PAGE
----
“The birthday is just another day,” Agnes Fenton whispered, pooh-poohing the milestone she reaches Saturday. Fenton, who has a lovely face, celebrated No. 110.
And just like that, the beloved Englewood resident — who has extolled the wonders of Miller High Life and Johnnie Walker — punched her ticket into the ultra-exclusive “supercentenarian” club.
Of the 7 billion people on the planet, a microscopic number are 110 or older. Robert Young, director of the Gerontology Research Group, which keeps track of supercentenarians, estimates 600. Dr. Thomas Perls, founding director of the New England Centenarian Study at Boston University School of Medicine, of which Fenton is a participant, puts the number at 360.
That means roughly 1 in every 10 million people in the world is a supercentenarian. Which makes Agnes Fenton special. Just don’t tell her that.
When a reporter visited her in the run-up to the big birthday, Fenton answered “lousy” when asked how she felt. But she warmed to the conversation and emphasized that God is the reason she’s lived this long.
“When I was 100 years old, I went to the mirror to thank God that I was still here. And I thank him every morning,” she said in a voice one must strain to hear. She sat in a wheelchair at the kitchen table in her green-shingled, Cape Cod-style home near Route 4.
“He gave me a long life and a good life, and I have nothing to complain about. … You’ve got to have God in your life. Without God, you’ve got nothing.”
Agnes Fenton was born Agnes Jones on Aug. 1, 1905, in Holly Springs, Miss. She spent her early years in Memphis and ran a restaurant there called Pal’s Duck Inn. Fenton, who has no children, came north to Englewood in the 1950s with her second husband, Vincent Fenton. She worked as a cafeteria manager for a magazine publisher, then as a nanny. Her husband, whom she called “Fenton,” died in 1970.
Nurses stay with Agnes Fenton around the clock. Neighbors and firefighters check on her, as does 66-year-old Lamont Saunders of Teaneck, who has known Fenton his entire life and calls her “Aunt Aggie.” Fenton was a dear friend of Saunders’ late mother, and from Aunt Aggie, Saunders said he has learned “honesty and being true to yourself.”
Fenton, whose eyesight and hearing are intact, reads The Record daily and listens to news on the radio. She enjoys visits from fellow parishioners of St. Mark’s Methodist Church in Harlem. She says her prayers. She sleeps a lot.
Since becoming a centenarian, Fenton’s been quite the Englewood celebrity. She’s received government proclamations, and birthday greetings from President Obama and Governor Christie. NVE Bank tossed its longtime customer a 107th birthday in conjunction with its own 125th anniversary celebration. Englewood has proclaimed Saturday “Agnes Fenton Day.” The city’s first Agnes Fenton Day was 10 years ago.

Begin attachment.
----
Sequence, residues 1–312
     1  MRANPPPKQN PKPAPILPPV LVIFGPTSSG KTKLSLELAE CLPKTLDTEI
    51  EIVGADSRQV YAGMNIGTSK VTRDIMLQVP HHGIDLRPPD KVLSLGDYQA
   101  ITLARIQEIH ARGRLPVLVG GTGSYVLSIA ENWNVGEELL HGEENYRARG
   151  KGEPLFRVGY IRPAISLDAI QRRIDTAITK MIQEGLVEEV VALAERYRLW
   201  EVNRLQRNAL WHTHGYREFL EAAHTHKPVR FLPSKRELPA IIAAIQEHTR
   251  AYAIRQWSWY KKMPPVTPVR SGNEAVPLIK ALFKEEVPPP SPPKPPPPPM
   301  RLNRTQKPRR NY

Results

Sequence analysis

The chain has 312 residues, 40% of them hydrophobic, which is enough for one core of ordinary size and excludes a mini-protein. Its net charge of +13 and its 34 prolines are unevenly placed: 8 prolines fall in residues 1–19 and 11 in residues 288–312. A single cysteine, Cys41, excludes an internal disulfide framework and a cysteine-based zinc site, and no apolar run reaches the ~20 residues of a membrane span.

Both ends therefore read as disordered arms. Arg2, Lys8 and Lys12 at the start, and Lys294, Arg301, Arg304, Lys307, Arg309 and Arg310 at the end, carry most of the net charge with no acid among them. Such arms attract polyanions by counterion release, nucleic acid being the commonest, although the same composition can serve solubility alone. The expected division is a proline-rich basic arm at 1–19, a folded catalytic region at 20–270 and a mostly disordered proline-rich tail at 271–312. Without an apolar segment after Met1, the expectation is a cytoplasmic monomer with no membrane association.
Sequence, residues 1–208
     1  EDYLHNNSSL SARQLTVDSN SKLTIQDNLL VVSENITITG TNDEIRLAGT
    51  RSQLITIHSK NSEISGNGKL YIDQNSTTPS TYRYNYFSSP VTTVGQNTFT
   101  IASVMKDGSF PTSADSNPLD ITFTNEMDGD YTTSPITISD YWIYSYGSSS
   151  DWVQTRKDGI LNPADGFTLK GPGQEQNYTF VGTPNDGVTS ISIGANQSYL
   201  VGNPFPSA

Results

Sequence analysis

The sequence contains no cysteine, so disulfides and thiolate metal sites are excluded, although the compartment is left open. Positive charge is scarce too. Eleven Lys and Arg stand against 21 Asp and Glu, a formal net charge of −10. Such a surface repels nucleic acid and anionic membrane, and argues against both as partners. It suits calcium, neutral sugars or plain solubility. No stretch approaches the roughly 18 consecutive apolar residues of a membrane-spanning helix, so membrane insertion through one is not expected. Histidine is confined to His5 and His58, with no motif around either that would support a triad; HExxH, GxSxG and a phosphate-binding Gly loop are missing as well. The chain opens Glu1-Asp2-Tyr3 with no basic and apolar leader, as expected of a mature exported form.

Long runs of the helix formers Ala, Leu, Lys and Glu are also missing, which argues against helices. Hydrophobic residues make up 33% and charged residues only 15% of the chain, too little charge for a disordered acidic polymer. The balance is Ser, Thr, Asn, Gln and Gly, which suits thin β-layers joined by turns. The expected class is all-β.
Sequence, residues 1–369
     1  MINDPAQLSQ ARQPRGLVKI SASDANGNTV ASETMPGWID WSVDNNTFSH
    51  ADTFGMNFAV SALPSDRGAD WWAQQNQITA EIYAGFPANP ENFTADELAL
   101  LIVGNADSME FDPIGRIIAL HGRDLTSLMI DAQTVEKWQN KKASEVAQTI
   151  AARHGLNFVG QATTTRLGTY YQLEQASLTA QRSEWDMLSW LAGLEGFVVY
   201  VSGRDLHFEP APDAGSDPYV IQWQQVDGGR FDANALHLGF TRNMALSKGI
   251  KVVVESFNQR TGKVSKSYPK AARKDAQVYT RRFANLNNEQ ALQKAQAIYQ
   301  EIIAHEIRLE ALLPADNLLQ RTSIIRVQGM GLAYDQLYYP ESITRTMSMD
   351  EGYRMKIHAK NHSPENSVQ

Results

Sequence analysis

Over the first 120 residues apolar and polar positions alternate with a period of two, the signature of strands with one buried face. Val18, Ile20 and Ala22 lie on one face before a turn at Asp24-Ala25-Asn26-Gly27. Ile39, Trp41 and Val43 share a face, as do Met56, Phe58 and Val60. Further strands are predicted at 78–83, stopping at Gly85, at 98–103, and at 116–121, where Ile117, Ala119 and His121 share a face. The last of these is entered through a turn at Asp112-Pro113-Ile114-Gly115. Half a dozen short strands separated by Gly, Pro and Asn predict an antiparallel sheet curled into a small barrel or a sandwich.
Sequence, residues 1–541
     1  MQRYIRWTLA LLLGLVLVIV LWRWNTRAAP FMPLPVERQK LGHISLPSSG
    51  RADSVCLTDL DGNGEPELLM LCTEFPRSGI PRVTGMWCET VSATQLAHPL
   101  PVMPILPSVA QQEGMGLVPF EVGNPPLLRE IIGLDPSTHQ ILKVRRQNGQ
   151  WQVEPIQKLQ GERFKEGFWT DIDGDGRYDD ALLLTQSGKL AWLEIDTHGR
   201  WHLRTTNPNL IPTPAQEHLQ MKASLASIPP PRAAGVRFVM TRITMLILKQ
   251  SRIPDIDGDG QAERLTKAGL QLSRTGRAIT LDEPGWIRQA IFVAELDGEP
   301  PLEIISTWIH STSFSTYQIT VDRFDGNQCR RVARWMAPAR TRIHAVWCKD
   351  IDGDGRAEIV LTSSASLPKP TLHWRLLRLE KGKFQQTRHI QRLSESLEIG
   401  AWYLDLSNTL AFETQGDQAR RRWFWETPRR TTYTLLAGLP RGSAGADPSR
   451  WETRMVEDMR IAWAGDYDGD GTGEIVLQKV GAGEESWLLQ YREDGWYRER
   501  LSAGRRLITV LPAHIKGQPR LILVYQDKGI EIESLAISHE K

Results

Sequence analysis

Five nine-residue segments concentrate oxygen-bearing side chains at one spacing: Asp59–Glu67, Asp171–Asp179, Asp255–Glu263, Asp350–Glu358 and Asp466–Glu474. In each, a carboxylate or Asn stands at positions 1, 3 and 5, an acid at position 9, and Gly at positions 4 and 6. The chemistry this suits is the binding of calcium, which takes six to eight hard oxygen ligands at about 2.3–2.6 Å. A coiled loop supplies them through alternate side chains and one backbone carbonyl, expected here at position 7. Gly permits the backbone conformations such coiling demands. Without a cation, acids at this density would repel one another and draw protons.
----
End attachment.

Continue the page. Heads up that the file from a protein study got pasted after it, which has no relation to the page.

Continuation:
Just before her 105th birthday, Fenton was introduced to the nation. In an ABC World News report on the secrets to a long life, Fenton admitted that she had enjoyed beer and a whiskey every day for decades.
She told ABC that her only serious health problem was a long-ago benign tumor and that the doctor discharged her with one word of advice.
“He said, ‘Agnes, you must drink three Miller High Lifes a day.’ ”
“So Aggie’s enjoyed three beers and a shot of scotch every day for almost 70 years,” the ABC correspondent marveled.
Fenton prefers Johnnie Walker Blue Label, the top-shelf stuff. “Each of our centenarians has their different secrets,” said Stacy Andersen, a project manager with the New England Centenarian Study. “If Agnes feels hers is alcohol, maybe it is, but certainly we don’t find that to be consistent across all our centenarians.”
Fenton has been enrolled in the genetic study for five years. Researchers communicate with her and her caregivers by telephone and written questionnaire.
Unfortunately for Fenton, the daily booze is now history. Because she eats little now (her favorite foods are chicken wings, green beans and sweet potatoes), the caregivers do not want her to have alcohol.
Researchers say centenarians typically show such characteristics as a steady routine and avoidance of stress. Family history plays a big part, too. Dr. Kenneth Wasserman, Fenton’s personal physician for close to 20 years, can’t explain her astonishing longevity.
Declining to go into details, he said: “The few things she’s had wrong with her have disappeared in ways they should not have. Her health has been phenomenal. … She’s completely, thoroughly amazing.”
article by Jay Levin via northjersey.com